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Purpose: To investigate whether including heat and altitude exposures during an elite team-sport training camp induces similar or greater performance benefits. Methods: The study assessed 56 elite male rugby players for maximal oxygen uptake, repeated-sprint cycling, and Yo-Yo intermittent recovery level 2 (Yo-Yo) before and after a 2-week training camp, which included 5 endurance and 5 repeated-sprint cycling sessions in addition to daily rugby training. Players were separated into 4 groups: (1) control (all sessions in temperate conditions at sea level), (2) heat training (endurance sessions in the heat), (3) altitude (repeated-sprint sessions and sleeping in hypoxia), and (4) combined heat and altitude (endurance in the heat, repeated sprints, and sleeping in hypoxia). Results: Training increased maximal oxygen uptake (4% [10%], P = .017), maximal aerobic power (9% [8%], P < .001), and repeated-sprint peak (5% [10%], P = .004) and average power (12% [14%], P < .001) independent of training conditions. Yo-Yo distance increased (16% [17%], P < .001) but not in the altitude group (P = .562). Training in heat lowered core temperature and increased sweat rate during a heat-response test (P < .05). Conclusion: A 2-week intensified training camp improved maximal oxygen uptake, repeated-sprint ability, and aerobic performance in elite rugby players. Adding heat and/or altitude did not further enhance physical performance, and altitude appears to have been detrimental to improving Yo-Yo.

Racinais, Périard, Cocking, Ihsan, Nichols, Townsend, Travers, Wilson, and Girard are with the Research and Scientific Support Dept, Aspetar Orthopaedic and Sports Medicine Hospital, Doha, Qatar. Racinais and Lacome are also with the Laboratory of Sport, Expertise and Performance (EA 7370), Research Dept, French Inst of Sport (INSEP), Paris, France. Périard is also with the Research Inst for Sport and Exercise, University of Canberra, Canberra, ACT, Australia. Piscione and Lacome are with the Research Dept, French Rugby Union (FFR), Marcoussis, France. Bourdon is with the Sport Science Dept, ASPIRE Academy for Sports Excellence, Doha, Qatar, and the Alliance for Research in Exercise, Nutrition and Activity (ARENA), University of South Australia, Adelaide, SA, Australia. Ihsan is also with the Human Potential Translational Research Program, Yong Loo Lin School of Medicine, National University of Singapore. Lacome is also with the Performance Dept, Paris Saint-Germain Football Club, Saint-Germain-en-Laye, France. Townsend is also with the College of Health and Life Sciences, Hamad Bin Khalifa University, Doha, Qatar. Wilson is also with the Inst of Sport, Exercise and Health, University College London, London, United Kingdom. Girard is also with the School of Human Sciences (Exercise and Sport Science), University of Western Australia, Crawley, WA, Australia.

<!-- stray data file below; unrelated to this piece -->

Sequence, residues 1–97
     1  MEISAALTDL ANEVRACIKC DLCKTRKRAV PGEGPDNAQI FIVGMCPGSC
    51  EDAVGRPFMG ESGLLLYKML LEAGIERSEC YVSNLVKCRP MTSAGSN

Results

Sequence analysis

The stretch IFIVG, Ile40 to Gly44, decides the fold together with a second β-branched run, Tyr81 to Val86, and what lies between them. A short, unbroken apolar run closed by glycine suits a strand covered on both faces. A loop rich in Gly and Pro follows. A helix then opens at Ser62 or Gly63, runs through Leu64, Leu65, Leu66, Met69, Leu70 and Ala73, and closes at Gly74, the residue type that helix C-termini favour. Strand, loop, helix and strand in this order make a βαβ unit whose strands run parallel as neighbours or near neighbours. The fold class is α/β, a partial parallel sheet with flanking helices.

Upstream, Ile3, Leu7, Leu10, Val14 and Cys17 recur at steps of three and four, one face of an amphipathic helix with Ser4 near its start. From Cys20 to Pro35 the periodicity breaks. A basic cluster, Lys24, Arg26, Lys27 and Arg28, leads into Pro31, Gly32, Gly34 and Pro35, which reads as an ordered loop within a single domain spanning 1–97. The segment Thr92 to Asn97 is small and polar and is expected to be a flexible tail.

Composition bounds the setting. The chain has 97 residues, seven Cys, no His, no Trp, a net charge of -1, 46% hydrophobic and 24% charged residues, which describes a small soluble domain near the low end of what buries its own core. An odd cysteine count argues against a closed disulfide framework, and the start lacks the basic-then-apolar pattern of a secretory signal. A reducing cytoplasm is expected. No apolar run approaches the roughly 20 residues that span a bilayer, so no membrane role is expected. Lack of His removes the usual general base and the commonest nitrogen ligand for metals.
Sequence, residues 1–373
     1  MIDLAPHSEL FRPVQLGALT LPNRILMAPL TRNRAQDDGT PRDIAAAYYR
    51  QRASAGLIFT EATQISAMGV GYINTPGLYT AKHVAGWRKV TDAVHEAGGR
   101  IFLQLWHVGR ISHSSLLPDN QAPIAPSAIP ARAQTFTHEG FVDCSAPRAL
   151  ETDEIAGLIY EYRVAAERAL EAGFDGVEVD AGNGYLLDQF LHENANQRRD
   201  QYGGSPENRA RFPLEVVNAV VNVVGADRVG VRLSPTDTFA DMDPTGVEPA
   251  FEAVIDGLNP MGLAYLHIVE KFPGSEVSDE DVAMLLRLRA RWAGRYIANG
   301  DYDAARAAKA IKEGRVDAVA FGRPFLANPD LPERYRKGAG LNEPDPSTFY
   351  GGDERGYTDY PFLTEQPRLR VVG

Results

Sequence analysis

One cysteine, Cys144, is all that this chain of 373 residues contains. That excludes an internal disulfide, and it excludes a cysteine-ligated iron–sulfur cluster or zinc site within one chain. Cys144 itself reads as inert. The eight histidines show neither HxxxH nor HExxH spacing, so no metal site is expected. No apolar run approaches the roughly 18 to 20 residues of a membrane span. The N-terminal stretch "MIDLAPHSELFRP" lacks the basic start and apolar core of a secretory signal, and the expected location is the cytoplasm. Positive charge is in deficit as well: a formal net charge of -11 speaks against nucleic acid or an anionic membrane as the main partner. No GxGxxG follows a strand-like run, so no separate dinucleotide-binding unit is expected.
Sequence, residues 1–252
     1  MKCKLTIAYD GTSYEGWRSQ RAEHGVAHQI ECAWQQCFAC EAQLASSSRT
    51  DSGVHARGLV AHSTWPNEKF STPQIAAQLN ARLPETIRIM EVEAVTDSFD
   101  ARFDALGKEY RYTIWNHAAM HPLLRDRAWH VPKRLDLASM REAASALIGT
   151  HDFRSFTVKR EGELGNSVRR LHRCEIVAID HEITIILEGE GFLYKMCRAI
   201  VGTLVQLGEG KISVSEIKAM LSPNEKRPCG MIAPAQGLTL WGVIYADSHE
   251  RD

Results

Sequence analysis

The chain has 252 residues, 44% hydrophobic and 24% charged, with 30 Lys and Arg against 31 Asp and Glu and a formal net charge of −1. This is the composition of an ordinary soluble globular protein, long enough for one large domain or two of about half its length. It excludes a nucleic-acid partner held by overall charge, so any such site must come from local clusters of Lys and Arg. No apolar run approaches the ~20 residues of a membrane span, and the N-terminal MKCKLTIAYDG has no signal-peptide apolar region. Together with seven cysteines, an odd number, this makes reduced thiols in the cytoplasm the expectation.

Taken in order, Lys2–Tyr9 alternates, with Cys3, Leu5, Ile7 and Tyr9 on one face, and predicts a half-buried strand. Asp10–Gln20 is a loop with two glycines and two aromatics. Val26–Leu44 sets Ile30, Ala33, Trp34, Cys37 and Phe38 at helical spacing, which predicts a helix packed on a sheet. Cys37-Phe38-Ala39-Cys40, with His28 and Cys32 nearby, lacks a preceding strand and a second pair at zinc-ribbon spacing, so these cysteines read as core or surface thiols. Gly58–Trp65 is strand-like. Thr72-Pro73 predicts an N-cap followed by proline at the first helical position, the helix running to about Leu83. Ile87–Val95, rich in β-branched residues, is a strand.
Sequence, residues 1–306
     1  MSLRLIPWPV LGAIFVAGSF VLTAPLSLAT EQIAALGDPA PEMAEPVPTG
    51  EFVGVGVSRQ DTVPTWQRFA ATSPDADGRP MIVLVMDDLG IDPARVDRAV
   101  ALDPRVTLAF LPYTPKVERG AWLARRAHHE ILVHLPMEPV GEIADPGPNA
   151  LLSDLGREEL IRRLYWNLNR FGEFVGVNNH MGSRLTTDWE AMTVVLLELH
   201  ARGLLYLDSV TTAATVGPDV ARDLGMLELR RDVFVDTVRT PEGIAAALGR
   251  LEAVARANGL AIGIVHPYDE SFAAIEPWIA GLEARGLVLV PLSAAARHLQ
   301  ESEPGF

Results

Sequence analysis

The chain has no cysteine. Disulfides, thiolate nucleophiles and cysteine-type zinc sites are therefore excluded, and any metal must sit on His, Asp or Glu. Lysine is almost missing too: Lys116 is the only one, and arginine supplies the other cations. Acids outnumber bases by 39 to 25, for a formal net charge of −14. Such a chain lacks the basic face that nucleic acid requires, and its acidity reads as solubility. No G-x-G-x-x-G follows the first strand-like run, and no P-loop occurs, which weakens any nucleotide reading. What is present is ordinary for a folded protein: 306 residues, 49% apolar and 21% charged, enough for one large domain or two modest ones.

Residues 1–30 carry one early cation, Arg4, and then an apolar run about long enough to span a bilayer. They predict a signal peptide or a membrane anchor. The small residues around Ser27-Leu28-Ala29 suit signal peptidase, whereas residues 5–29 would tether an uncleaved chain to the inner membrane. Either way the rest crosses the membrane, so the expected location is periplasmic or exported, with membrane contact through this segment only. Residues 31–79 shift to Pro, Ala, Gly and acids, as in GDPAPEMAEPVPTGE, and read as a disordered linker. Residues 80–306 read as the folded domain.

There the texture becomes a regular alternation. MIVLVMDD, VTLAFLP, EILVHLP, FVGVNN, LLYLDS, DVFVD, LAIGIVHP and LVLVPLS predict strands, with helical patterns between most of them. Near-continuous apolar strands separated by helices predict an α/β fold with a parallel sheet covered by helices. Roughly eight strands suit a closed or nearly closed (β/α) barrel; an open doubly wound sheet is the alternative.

Racinais (sebastien.racinais@aspetar.com) is corresponding author.
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